Re-Defining Menstruation3 minute
Your monthly visitor. Aunt Flo. Code red. For decades, learning the secret language of how to tell someone you’re on your period has been a rite of passage as much as getting your period itself. And the kids these days are getting creative. Ever heard of shark week? Arts and crafts week at Panty Camp? There are a million and one ways to tell our friends, family, boyfriends, and colleagues that we’re on our period. But why? Getting your period is a natural, normal thing, and we should be talking about it in clear, direct language.Here’s why you should say, and say it proud " I’M ON MY PERIOD"
What is a period/menstruation ? It is when blood and tissue from your uterus comes out of your vagina. It usually happens every month. During your menstrual cycle, hormones make the eggs in your ovaries mature. When an egg is mature, that means it’s ready to be fertilized by a sperm cell. These hormones also make the lining of your uterus thick and spongy. So if your egg does get fertilized, it has a nice cushy place to land and start a pregnancy.This lining is made of tissue and blood, like almost everything else inside our bodies. It has lots of nutrients to help a pregnancy grow. If pregnancy doesn’t happen, your body doesn’t need the thick lining in your uterus. Your lining breaks down, and the blood, nutrients, and tissue flow out of your body through your vagina. Voilà, it’s your period.
For millions of women worldwide, menstruation is seen as a mark of shame. Many are told not to discuss it in public, to hide their tampons and sanitary pads. The stigma is universal, rendering women and girls vulnerable to health problems and gender discrimination.The many stigmas around menstruation weigh heavy on female identity and are one of the core issues to discuss in regards to perpetual gender inequality.Menstruation stigma is a form of misogyny. Negative taboos condition us to understand menstrual function as something to be hidden, something shameful. It’s interesting that so much embarrassment, awkwardness, and shame surround a natural bodily function experienced by half the population at some point in their lives. We don’t hide toilet paper away, yet some women still get flustered if a tampon drops out of their handbag, or we might buy a floral-patterned tin to hide our sanitary pads.The stigma and its myths carry with it an oppressive notion that menstruating women are unclean. What perpetuates this are the hushed tones around menstruation, the euphemisms for it and the shortage of education and open dialogue about it.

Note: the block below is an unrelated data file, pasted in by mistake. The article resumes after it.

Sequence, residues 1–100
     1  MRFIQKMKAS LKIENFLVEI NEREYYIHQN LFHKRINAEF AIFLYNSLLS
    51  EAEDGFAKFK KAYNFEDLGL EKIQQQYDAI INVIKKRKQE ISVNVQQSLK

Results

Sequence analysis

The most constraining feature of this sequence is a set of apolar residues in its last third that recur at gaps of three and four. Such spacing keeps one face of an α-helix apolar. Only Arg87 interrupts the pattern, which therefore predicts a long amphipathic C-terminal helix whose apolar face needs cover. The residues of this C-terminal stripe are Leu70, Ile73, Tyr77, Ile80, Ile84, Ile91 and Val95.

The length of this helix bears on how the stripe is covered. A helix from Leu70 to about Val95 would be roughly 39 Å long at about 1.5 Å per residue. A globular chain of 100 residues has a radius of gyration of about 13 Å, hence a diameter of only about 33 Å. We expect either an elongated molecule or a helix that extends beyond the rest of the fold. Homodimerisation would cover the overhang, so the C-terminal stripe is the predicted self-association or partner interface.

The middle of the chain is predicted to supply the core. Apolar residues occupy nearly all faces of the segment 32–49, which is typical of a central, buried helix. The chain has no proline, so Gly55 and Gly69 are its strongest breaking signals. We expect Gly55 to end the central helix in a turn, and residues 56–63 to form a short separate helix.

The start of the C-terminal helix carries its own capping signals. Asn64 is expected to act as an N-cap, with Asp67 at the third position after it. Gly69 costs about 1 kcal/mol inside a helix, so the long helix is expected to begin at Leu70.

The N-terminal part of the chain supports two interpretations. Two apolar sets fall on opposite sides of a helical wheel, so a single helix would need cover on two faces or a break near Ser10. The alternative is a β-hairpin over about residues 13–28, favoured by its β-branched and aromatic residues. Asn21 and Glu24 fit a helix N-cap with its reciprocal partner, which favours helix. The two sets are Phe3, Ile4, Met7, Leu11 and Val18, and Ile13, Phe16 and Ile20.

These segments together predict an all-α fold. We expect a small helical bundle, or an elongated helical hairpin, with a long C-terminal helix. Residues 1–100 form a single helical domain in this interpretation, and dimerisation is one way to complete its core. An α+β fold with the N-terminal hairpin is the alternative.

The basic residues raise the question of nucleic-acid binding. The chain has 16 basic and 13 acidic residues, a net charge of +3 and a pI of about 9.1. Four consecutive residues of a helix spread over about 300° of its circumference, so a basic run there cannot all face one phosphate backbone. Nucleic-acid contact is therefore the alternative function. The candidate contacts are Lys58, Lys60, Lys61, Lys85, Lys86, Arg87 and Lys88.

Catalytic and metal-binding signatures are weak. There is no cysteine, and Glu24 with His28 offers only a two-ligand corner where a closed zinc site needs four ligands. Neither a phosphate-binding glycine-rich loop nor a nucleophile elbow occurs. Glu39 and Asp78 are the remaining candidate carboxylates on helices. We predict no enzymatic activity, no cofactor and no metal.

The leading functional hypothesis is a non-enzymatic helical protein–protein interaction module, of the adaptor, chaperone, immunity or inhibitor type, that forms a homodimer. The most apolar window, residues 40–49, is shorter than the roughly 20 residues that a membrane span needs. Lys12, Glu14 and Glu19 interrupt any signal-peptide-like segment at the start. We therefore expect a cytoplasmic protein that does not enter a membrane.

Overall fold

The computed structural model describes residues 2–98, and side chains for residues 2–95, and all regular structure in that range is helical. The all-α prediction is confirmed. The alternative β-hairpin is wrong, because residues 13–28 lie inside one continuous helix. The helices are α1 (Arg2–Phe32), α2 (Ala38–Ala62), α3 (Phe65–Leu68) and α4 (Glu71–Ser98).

While the global move to have sanitary pads easily accessible to the under-privileged shines a spotlight on the issue, and how it infringes on girls and women’s human rights, while demystifying sexual reproductive health and menstrual health management, there’s still room for a broader conversation. The stigma around periods and the lack of proper information means many girls rely on what their family or friends tell them, which is often inaccurate and can perpetuate menstrual myths. While we continue to keep silent on the subject of periods, women and girls will not be able to get the facilities and support they need to be able to deal with what is a normal part of life, hygienically and with dignity and hence, we all need to play our part in opening up the conversation.Speaking about an issue is the only way to combat its silence, and dialogue is the only way for innovative solutions to occur.Normalising menstruation as just a healthy, positive part of the female life cycle is really important.